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The Bevis Frond
High In A Flat Stuart Huggett , May 19th, 2014 11:21

Psst, wanna buy some records by The Bevis Frond? Or do you wanna buy some records from The Bevis Frond? If it's the former, High In A Flat triggers a major Cherry Red reissue series by Nick Saloman's cult psych band, and compiles many of his best-known, or at least most-covered, songs. If it's the latter, then you'll find him down on the Sussex coast these days, trading part-time in Bexhill's Platform One Records.

Dealing vinyl is a long-running, on-off sideline for an artist whose musical path has strong roots in the record collecting world of the 1980s, in shops like Margate's Funhouse and London's Reckless. This was a period when Record Collector was the only high street magazine to consistently cover the UK psych and industrial underground in any depth. With their parallel interests in esoteric history and altered states, the two scenes were supported by a tight network of fanzines (including the Saloman-published Ptolemaic Terrascope) and collaborations started to occur.

Borrowing its title from an old Bucketful Of Brains flexi (appended to the end of the CD as a sop to collectors), High In A Flat picks its tracks from half a dozen Frond albums, starting with Saloman's home-recorded, private press 1987 debut Miasma and ending with 1990's ambitious double New River Head. By this point the expanding Bevis band was bringing in guests such as Current 93's David Tibet and folk violinist Barry Dransfield and, thanks to Reckless' initial reissue campaign, starting to build the international fanbase that sustains them to this day.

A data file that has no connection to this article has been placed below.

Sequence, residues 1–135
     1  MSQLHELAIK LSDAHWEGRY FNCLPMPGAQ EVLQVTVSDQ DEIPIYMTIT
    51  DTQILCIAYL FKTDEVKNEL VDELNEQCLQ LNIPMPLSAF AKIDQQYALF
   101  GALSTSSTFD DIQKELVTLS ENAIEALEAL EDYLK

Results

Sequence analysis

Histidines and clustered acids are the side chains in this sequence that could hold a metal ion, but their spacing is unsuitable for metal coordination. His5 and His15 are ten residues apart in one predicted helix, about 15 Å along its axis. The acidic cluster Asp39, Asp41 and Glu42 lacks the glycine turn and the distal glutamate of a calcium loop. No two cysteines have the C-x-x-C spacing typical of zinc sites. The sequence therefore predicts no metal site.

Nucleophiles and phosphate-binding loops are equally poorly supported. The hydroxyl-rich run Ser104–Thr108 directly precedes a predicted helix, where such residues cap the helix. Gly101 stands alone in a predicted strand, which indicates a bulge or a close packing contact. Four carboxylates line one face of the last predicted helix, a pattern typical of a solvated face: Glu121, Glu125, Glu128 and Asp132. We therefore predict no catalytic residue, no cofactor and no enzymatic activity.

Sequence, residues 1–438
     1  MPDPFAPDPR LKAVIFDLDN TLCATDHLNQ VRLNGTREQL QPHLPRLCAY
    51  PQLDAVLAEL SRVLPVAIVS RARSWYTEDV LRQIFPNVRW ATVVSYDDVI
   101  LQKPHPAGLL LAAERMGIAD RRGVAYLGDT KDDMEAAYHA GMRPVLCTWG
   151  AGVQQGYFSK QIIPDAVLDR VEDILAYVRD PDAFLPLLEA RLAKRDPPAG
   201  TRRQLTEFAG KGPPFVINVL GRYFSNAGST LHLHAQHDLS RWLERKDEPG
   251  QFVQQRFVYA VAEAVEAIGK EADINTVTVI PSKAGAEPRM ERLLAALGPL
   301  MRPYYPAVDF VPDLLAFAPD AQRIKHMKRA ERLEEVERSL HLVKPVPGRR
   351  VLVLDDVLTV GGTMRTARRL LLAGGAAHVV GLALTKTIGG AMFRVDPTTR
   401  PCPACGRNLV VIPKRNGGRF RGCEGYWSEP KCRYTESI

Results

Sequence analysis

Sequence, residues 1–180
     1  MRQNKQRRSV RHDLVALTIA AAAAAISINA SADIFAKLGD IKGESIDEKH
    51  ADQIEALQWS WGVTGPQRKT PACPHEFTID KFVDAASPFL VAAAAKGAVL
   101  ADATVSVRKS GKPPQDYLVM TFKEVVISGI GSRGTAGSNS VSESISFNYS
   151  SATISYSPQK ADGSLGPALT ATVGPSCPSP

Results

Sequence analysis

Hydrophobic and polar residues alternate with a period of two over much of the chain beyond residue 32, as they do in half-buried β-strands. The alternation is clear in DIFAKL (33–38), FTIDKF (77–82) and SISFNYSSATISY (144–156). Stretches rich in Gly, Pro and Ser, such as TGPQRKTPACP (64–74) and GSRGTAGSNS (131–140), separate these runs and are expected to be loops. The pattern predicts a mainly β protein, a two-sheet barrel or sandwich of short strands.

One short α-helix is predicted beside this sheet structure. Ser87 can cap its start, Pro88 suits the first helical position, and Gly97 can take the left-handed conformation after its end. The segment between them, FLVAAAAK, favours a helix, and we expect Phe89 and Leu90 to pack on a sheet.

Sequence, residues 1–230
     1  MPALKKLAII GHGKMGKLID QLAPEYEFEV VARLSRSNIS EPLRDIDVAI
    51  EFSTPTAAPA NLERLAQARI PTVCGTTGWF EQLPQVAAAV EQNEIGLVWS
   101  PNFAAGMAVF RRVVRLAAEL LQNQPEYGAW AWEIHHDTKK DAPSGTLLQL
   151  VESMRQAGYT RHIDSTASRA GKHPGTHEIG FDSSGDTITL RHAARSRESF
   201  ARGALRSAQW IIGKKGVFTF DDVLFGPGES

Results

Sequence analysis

By avoiding Saloman's side-long guitar solos and jams, High In A Flat gets to showcase more of his songwriting skills. While the rapid likes of 'I've Got Eyes In The Back Of My Head' and 'I Can't Get Into Your Scene' are effective but retro psych nuggets, Saloman's more distinctive talent lies in the softer, everyday poetics of 'This Corner Of England' and 'Waving', songs filled with prosaic but vivid images of driving instructors and QPR fans.

Despite his eye for English detail, Saloman was too self-effacing, too sensible and, then into his thirties, too old to get caught up in the coming Britpop shower of parochial revivalism. Nonetheless, his songs still found a broader audience as the 90s unfolded. With its killer descending riff, 'Reflections In A Tall Mirror' was covered by Liverpool psych fiends Walkingseeds for the first 7" in Clawfist's superlative Singles Club (The Bevis Frond returned the favour on the flip). Mary Lou Lord picked two of Saloman's finest, 'Lights Are Changing' and 'He'd Be A Diamond', for her Kill Rock Stars debut, and Teenage Fanclub followed suit with the latter to fill out their 'I Don't Want Control Of You' single. The originals are all here and all worth hearing.

Saloman's DIY approach to his early albums means there are daft spoken word segments, variable sound levels and surprise odds and ends from his record collection peppering these tracks, adding to the charm if not the consistency. The promise of twenty reissues ahead all sounds a bit much, but this mostly excellent sampler is a seductive starter.